by Alex Mette
“Nonviolence is the answer to the crucial political and moral questions of our time; the need for mankind to overcome oppression and violence without resorting to oppression and violence. Mankind must evolve for all human conflict a method which rejects revenge, aggression, and retaliation. The foundation of such a method is love.” – Martin Luther King Jr., December 11, 1964
The following story comes from a book by Scott Sanders: Antioch: An Episode in History, it can be viewed along with many others, in their entirety, at the Olive Kettering Library.
In 1964 George Lincoln Rockwell, founder of the German-American Bund, a “homegrown version of the National Socialist German Workers Party, the Nazis” came to Antioch College to give a speech. Rockwell was invited by CG who had sent out numerous letters to potential speakers for that Fall; Rockwell was the first to accept. Arriving in Yellow Springs and speaking to a packed Kelly Hall he praised Antioch for its willingness to go to jail for its beliefs and the way that students fight. One way that Antioch students fight apparently is with silence. For the duration of his talk including at its end, there was silence. When he opened up the floor for questions Antioch students silently and as one, rose and walked out of Kelly Hall. The Committee for Racial Equality had circulated a letter to attendees of the event that stated that they should wear Stars of David “to symbolize our unity in the belief of the value of brotherhood of all.” And that Rockwell “does not deserve our polite applause,” rather at the end of the talk, students were asked to simply get up and leave. If there is any sign that this method was successful it comes when, several months following the event, Rockwell was asked if he had ever had a really bad reception by a college audience. His answer: “yes, at Antioch College in Yellow Springs, Ohio.”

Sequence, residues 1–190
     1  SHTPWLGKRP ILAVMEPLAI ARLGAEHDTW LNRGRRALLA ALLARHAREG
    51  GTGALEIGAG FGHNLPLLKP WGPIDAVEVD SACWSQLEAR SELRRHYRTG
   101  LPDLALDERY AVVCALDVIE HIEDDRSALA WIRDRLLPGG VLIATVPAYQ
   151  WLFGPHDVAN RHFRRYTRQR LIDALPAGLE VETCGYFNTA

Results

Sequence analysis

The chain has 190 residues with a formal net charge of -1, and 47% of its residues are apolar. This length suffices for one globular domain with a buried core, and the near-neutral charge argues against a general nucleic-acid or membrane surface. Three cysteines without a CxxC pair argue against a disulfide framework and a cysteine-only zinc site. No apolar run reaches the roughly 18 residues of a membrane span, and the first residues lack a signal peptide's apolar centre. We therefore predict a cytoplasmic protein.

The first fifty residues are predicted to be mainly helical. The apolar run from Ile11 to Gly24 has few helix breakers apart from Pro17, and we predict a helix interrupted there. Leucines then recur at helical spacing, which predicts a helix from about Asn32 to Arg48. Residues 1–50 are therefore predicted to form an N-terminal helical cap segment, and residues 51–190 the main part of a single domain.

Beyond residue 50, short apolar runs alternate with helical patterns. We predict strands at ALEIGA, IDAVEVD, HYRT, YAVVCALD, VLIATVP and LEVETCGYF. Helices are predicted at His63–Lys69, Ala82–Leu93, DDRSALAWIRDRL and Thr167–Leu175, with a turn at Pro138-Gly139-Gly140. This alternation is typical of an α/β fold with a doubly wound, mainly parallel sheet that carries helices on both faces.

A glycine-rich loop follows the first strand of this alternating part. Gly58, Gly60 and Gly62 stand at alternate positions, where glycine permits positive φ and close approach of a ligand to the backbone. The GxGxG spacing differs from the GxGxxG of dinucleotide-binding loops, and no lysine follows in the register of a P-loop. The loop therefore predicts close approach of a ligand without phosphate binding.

Questions of how the founder of a racist organization may have come to speak at Antioch aside, what makes this method of non-violent protest effective? As with many forms of protest, without solidarity much of the significance of the action is lost. Following the event, according to Sanders, several editorials arose, some asking the same question previously posed, how did this even happen? others condemning the action for a missed opportunity to ask important questions. However, regardless of individual thoughts on the matter, the decision by the Committee for Racial Equality was respected and the action was carried out in the most effective way possible. This story does not only serve to exemplify the importance of solidarity, dialectic here especially, it illustrates the potential role of community organizations in creating thoughtful, effective action. Stories of Rockwell’s talks at other schools often include anecdotes of minor acts of violence, eggs being thrown, lots of yelling, etc. At Antioch the action was unified, somber, and above all, non-violent.